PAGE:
The Review/Short Read/
Hump Day Movie: End Of Watch
A cop movie that excels at realism
This week, Stephen Hawking announced Breakthrough Starshot, a project dedicated to developing and deploying thousands of extremely small spacecrafts. The mission? Travel to Alpha Centauri (the closest solar system to here, just 40 trillion KM away) and send back photographs of the most likely places where Earth-like life could exist.
This is a terrible idea.
Do I love the idea of a tiny spacecraft propelled by light traveling at 25 times the speed of light? Of course. Do I fear the inevitable, War of the Worlds-style confrontation with whatever might be out there? Very much so.
I would therefore suggest that we arm these tiny little spaceships with some of our finest cinematic work. The types of films that would not only impress potential far-off civilizations with the heights of our artistic ability, but that will also strike fear into their hearts.
I humbly put forth that we load these tiny spacecrafts (and you load up your Netflix queue) with David Ayers' End of Watch.
One of the best police dramas of the last decade, End of Watch follows TIFF fan-favourite (and personal beard idol) Jake Gyllenhaal's portrayal of police officer Brian Taylor as he navigates the dangers of South Central Los Angeles with his partner Miguel "Mike" Zavala, played by the always excellent Michael Peña. As partners, Officers Taylor and Zavala speak in the clipped shorthand that is developed out of years of spending days upon days together. Their relationship is deep and fully drawn, borne out of the stresses and pressures of a job that is treated realistically and respectfully under Ayers' expert direction.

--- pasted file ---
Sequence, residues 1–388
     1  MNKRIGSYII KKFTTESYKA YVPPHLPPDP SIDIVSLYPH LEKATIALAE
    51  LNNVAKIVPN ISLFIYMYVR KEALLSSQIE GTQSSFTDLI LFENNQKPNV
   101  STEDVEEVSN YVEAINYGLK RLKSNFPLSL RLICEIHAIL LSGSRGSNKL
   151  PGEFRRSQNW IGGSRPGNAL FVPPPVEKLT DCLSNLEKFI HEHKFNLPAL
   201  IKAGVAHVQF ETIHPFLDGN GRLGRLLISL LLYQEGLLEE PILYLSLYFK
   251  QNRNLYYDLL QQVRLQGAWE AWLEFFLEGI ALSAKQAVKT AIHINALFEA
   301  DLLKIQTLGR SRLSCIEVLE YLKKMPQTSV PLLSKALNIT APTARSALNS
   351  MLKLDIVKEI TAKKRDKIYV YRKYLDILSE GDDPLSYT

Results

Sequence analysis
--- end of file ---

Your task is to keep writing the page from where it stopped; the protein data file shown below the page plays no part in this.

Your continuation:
As they successfully uncover the encroachment of a Mexican cartel into the neighborhood they are charged with protecting, their lives outside of the precinct develop as well. Taylor dates, and then marries Janet (played with impressive depth by Anna Kendrick) and Zavala's wife gives birth to their first child. Taylor captures many of these moments on a hand-held camera for a documentary film class. The juxtaposition of the mundane nature of the daily life of these characters and the high-stakes drama of the danger they become embroiled in is the key to this film. As Taylor and Zavala are pulled towards direct conflict with the cartel, it's impossible not to recognize their humanity - this is just another day at the office for them. End Of Watch is the type of film that underscores that humanity and celebrates it. Perhaps just enough for whoever we find out in Alpha Centauri.